Winter dragged on in February and car sales for many automakers remained in hibernation, at least for the first half of the month. Shoppers shunned popular sedans like the Honda Accord (down 12.1 percent), Ford Fusion (down 14.3 percent), Toyota Camry (down 7.3 percent) and Hyundai Sonata (down 30.1 percent). They did buy more Chevrolet Malibus and Nissan Altimas, however, placing the Altima atop the car-only pile for February, a roost it last held in March 2013.
That wasn't the only changing of the guard. Shoppers gravitated toward the Chevrolet Cruze last month (up 21.7 percent versus a weak February 2013) but drifted from the Honda Civic (down 5 percent versus an also-weak February 2013); the Civic hasn't been absent from the top 10 best-sellers list since September 2012.
As we expected, snow-ready cars had their day. We reported Feb. 20 that sales for all-wheel-drive vehicles were up some 20 percent in the first part of the year. Indeed, shoppers preferred off-road brands: Land Rover gained 3 percent and Subaru climbed 24 percent. Jeep saw the highest gains, with sales up 47.4 percent. Shoppers bought more Jeep Cherokees, Grand Cherokees and Wranglers than 16 other nameplates across Fiat Chrysler's five U.S. brands. Reid Bigland, head of U.S. sales, said February's harsh weather across most of the country "has been ideally suited" for the brand, which had the best February in its 73-year existence.
Pickup truck sales stayed flat. Ram shoppers found higher purchase incentives versus February 2013, and sales gained 25.8 percent. GM's Chevrolet Silverado and GMC Sierra, meanwhile, fell a combined 8.9 percent. Year-over-year incentives are stable on both nameplates, which have redesigned 1500 versions for 2014, but dealer inventory is through the roof for the Silverado — 151 days versus the industry's 88-day average, according to Automotive News. That could prompt salespeople to cut better deals to move inventory in March.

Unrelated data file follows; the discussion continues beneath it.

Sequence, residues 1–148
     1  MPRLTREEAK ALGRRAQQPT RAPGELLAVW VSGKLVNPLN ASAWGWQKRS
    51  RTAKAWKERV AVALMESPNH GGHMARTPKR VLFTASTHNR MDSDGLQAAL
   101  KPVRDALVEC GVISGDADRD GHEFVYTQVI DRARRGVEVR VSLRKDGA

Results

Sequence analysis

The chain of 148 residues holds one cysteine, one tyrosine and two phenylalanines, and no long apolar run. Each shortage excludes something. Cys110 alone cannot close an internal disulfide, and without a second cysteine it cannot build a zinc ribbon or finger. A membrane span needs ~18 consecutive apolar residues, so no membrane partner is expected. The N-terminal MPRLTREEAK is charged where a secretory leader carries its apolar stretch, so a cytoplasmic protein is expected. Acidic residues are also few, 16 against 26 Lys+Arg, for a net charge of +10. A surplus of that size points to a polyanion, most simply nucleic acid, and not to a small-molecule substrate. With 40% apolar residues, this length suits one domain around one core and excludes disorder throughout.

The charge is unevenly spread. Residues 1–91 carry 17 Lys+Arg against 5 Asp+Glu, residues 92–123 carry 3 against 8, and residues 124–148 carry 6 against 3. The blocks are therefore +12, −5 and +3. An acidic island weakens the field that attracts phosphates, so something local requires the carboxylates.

With the seven largest automakers reporting figures, February 2014 sales are down 0.1 percent. Chrysler and Nissan were the only automakers to report increases.
Hyundai dropped 6.3 percent, which sales chief Brad Pradzinski blamed on "awful weather." GM slid 1 percent, which U.S. sales operations head Kurt McNeil blamed on the weather even as he noted an uptick late in the month. Toyota fell 4.3 percent, but general manager Bill Fay said in a company statement that sales "emerged from a chill in the second half of the month." Ford fell 6.1 percent, but sales chief John Felice described a sales surge "in the final week of the month."
For some models, stalled sales coincided with higher inventory. The Ford Focus (down 23.5 percent) joined the Fusion among Ford's slower sellers, and Ford dealers have a glut of both cars — 97 days' supply of the Fusion and 144 of the Focus, according to Automotive News. Honda dealers, meanwhile, have a 110-day supply of Accords. Purchase incentives have stayed roughly even with year-ago levels, but that could change as Ford and Honda look to trim supply in March. Shoppers, take note.
Here are February's top 10 best-sellers:
Cars.com photo by Evan Sears